dudester wrote: Space_Cowboy wrote:
dudester wrote:Fifth post from the top.
Ah missed that. As I conceded, the 95+% reporting requirement was silly. Lets just go with those who don't report salary as earning $0. I'd rather bias the data toward lower salaries and give schools a very strong incentive to get complete information. The school can be eligible for GradPLUS loans but prospectives get to see how incomplete the data is. That good?
It would be irresponsible for schools to bias the information either way rather than just reporting the information they actually have, especially since people should be able to easily modify the data in the way you suggest if they wanted to.
Class size: 300
Response rate: 60%
Average salary: $80,000
Didn't respond: 120 students
New average salary: $48,000
Thanks. I didn't know how math works.
Dude, they already bias the information by doing everything thing they can to follow up with only those graduates who were reportedly employed at graduation, while not bothering to check up on those that didn't have jobs at graduation. The response rates so salary data suck because schools don't want to collect data on the lower end.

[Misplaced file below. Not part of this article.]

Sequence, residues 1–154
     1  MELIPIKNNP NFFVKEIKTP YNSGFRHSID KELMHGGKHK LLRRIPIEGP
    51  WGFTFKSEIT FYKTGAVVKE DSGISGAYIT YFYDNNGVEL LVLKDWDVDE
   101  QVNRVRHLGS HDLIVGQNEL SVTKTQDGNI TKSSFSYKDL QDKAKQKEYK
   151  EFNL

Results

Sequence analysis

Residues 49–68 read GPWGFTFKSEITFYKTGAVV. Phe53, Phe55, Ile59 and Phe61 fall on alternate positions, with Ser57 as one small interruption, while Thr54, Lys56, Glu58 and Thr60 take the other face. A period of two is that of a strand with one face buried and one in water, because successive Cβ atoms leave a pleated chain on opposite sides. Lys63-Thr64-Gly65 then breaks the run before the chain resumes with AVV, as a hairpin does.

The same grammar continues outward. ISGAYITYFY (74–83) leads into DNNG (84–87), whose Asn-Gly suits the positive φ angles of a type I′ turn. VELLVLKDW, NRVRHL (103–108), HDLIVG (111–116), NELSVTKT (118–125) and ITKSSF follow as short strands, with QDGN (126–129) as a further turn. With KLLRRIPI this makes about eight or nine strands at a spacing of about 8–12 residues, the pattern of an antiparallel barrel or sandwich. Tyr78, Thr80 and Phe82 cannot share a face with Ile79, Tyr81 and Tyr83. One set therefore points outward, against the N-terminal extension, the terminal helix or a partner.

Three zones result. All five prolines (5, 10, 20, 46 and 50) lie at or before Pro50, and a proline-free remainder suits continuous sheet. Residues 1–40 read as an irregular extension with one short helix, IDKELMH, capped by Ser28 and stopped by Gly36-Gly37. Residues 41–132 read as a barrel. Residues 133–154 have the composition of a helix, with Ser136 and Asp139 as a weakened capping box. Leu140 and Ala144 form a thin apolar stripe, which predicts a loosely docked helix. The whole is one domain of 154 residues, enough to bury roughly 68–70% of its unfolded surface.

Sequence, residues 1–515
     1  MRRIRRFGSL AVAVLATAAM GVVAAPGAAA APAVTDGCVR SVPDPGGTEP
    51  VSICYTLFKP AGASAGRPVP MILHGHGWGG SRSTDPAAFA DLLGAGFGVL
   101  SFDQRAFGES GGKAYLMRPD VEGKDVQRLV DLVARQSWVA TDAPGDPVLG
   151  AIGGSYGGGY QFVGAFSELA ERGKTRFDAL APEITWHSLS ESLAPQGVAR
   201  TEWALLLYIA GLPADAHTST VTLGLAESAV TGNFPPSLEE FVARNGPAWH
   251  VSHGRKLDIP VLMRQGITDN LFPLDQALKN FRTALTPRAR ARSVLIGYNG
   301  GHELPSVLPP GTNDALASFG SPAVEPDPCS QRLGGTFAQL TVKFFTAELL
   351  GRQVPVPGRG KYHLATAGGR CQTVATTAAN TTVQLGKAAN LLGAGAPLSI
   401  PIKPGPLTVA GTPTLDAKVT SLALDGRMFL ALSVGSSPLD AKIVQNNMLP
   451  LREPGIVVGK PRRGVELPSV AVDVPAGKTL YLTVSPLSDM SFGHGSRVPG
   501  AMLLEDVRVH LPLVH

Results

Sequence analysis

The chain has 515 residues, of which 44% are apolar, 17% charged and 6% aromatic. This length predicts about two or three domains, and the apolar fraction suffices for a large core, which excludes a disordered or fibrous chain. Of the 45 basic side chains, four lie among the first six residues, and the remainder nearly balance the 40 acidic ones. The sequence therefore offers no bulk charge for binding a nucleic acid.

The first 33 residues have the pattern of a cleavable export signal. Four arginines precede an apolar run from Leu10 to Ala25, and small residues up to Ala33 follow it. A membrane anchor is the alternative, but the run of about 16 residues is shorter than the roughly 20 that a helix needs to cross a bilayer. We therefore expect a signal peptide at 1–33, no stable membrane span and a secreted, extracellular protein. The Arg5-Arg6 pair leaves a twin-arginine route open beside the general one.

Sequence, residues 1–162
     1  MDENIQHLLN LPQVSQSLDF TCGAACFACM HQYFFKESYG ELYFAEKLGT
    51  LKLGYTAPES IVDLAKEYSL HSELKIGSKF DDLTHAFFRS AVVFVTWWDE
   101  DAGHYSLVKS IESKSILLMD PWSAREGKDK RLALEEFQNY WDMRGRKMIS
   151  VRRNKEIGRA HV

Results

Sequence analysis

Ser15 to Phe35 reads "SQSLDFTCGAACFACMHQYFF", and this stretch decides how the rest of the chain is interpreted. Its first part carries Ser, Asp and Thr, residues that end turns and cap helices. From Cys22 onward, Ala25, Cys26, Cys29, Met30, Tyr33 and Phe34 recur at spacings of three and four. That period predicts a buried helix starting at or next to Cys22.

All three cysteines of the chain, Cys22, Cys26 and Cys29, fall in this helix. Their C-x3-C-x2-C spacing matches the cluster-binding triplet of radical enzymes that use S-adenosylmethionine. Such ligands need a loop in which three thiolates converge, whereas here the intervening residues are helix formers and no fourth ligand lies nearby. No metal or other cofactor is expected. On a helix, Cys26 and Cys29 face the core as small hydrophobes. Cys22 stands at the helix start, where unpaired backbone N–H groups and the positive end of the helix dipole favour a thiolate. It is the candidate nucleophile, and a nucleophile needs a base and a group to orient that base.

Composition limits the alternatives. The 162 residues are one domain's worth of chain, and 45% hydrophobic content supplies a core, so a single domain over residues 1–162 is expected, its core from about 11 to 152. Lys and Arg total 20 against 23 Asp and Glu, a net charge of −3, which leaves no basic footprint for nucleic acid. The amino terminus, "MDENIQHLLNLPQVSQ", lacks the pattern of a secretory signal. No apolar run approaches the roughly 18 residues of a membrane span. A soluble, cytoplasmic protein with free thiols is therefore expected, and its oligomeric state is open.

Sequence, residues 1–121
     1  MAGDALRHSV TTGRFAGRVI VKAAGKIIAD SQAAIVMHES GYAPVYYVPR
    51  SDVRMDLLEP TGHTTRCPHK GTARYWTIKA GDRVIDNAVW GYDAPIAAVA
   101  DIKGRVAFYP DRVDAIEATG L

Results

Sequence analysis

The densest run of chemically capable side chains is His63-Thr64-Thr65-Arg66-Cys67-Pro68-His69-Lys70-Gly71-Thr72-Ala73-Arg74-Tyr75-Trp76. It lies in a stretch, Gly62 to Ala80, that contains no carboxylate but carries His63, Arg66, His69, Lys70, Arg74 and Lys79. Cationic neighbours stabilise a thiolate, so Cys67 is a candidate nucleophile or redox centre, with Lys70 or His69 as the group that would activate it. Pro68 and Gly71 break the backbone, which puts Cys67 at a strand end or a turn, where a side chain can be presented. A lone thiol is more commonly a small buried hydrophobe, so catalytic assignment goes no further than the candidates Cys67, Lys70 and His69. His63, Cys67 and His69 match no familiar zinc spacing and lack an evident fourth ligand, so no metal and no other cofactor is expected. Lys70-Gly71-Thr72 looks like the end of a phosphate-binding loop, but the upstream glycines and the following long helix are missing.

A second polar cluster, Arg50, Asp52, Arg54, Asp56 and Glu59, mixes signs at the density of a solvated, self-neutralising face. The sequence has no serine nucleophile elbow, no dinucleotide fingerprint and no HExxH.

Back to your introduction to mathematics example. Averages are terrible measures to gauge outcomes. Outliers (very high or very low salaries) distort the impression you get from a data set. Publish 25th percentile, median and 75th percentile salary data. That way, making non-reporters = $0 doesn't affect data too terribly (shifting the median instead of dragging down an average), unless we're talking about abysmal response rates, which, I'm sorry is indicative of a problem.
Is this an ideological block for you? You know, the second the evil government requires disclosure freedom is destroyed for all mankind, or something?